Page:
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step2ck_form8/Block 3/Question#46 (6.9 difficulty score)
A study is done to determine the effect of ...
Low statistical power๐Ÿ”,๐Ÿ“บ

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submitted by step_prep2(22),
  • Key idea: Increasing the sample size in a research study leads to a higher powered study
  • Other than sample size, the other aspects of the study are sound (randomization, exposure vs. control, etc.)

submitted by lm4(15),

okay soooo 40 participants is too low of a sample size- but 80 back in the new B-adrenergic drug vs. albuterol question was fine? is there like a magic sample number that is considered large enough?

submitted by jlbae(69),

Say me and my buddy throw 3 darts each. He only hits the target once and I hit it twice. So, in this sample, I hit the target 33% more than him.

How confident are you that I'm better at darts than him? Probably not very confident.

Now, what if we throw 30 more darts each? This time, I hit the target 20 times and he only hits it 10 times. In this scenario, I still hit the target with 33% more darts than he did.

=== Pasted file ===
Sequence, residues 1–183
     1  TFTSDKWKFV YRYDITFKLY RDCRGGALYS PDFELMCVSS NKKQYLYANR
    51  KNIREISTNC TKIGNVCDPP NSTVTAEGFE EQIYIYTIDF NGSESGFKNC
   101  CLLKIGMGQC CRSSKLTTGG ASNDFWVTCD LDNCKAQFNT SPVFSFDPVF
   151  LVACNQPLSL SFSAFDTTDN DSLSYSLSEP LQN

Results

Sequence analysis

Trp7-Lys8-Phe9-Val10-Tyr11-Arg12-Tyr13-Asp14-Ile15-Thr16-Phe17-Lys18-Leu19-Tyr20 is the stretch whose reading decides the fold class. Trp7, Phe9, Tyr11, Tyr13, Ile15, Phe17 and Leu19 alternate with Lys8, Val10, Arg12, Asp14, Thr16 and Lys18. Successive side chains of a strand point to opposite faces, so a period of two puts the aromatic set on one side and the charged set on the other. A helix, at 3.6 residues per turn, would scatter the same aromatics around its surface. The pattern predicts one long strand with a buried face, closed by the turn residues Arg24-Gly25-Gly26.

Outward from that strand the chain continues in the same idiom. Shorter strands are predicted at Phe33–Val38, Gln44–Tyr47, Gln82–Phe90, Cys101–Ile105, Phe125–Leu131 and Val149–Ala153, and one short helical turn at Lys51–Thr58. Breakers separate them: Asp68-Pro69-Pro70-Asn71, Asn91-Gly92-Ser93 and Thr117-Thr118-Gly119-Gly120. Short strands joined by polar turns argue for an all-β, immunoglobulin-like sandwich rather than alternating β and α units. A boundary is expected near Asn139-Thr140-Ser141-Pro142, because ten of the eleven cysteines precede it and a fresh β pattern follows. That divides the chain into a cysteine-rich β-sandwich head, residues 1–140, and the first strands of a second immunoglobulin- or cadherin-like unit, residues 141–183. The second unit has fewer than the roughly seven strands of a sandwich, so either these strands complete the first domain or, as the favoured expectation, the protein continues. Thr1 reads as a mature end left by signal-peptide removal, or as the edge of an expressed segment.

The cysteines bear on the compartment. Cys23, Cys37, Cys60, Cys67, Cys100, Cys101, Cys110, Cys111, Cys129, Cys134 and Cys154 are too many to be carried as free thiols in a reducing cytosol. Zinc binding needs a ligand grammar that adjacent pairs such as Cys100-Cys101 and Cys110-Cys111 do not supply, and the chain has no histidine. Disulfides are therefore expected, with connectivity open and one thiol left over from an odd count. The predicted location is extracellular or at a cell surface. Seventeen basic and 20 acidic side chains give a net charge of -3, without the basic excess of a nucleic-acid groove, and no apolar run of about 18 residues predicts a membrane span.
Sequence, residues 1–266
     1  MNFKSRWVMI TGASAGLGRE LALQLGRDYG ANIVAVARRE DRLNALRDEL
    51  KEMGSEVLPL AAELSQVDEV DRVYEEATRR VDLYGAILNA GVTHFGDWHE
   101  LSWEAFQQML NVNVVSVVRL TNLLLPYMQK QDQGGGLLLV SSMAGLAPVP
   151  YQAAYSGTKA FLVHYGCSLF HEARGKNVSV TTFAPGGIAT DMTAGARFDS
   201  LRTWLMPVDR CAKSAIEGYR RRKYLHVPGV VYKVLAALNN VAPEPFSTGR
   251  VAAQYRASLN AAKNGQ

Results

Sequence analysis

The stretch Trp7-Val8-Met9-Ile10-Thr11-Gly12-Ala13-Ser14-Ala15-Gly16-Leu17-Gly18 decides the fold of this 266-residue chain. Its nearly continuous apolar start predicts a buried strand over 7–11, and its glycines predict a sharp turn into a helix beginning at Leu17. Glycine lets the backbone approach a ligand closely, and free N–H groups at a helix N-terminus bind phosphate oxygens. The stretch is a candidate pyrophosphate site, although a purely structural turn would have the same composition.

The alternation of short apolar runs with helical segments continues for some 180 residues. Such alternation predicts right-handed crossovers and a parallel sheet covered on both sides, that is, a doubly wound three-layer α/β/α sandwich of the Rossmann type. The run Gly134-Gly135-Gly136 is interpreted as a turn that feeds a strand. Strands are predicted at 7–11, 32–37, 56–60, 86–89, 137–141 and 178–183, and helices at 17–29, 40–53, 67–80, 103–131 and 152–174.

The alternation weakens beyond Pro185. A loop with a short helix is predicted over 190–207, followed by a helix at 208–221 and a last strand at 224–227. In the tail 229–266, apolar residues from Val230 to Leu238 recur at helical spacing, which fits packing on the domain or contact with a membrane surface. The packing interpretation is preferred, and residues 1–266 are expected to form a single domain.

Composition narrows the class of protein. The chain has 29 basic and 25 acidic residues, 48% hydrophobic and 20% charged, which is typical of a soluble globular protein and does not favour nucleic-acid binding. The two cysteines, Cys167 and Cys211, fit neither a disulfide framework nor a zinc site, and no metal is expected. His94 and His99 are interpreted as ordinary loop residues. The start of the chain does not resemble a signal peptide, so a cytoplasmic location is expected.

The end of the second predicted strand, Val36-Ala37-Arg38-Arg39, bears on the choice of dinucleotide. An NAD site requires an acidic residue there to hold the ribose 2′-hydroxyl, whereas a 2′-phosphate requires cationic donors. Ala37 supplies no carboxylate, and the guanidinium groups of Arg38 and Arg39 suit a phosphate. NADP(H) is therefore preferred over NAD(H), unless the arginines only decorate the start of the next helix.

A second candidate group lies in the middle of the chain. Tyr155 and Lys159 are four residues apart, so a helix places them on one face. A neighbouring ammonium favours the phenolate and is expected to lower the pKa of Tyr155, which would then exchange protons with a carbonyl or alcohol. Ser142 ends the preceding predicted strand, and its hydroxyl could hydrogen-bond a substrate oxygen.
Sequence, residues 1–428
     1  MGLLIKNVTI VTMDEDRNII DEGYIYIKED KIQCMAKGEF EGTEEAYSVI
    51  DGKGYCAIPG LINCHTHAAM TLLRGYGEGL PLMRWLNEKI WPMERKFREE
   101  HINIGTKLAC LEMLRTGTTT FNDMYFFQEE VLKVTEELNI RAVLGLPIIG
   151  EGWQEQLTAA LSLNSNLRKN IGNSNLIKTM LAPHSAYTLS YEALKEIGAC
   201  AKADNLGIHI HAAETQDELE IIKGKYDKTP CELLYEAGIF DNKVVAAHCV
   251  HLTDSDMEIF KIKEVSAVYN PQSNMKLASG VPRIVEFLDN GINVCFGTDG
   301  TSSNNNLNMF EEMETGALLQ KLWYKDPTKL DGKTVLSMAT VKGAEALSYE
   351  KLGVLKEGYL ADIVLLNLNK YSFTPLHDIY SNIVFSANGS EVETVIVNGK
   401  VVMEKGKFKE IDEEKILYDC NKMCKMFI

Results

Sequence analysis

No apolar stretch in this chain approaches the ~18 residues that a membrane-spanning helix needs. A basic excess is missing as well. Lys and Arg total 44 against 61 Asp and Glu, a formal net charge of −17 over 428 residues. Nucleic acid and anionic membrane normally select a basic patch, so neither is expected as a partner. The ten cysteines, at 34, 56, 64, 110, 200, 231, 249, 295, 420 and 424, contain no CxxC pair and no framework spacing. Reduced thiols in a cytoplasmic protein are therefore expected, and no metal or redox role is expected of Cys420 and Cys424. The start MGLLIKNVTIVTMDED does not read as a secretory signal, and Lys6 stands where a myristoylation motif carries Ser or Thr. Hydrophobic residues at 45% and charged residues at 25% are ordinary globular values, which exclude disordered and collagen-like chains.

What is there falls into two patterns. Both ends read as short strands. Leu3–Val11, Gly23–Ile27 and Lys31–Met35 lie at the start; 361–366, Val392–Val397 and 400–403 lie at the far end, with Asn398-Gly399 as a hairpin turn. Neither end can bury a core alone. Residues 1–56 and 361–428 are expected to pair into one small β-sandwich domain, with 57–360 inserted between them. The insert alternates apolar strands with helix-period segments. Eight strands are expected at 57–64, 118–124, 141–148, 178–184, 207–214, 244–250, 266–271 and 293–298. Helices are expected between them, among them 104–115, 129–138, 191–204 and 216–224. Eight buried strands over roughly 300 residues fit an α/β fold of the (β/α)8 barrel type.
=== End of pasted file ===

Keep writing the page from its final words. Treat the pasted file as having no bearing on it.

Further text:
But I bet you're a lot more confident in saying I'm better that I am better at darts than he is now. That's the power of power, my dudes.

Moral of the story: The more dart throws we add to our sample, the more confident you can be at saying the difference in skill between me and my amigo is "real" (aka. not due to chance; aka. statistically significant).

Now to bring it back to the question. They had a sample size of 40 here and, while there was a difference of 25% between the two groups, the result was not statistically significant. If we were to increase the sample size enough (just like we did in the darts example), a difference of 25% might actually be statistically significant.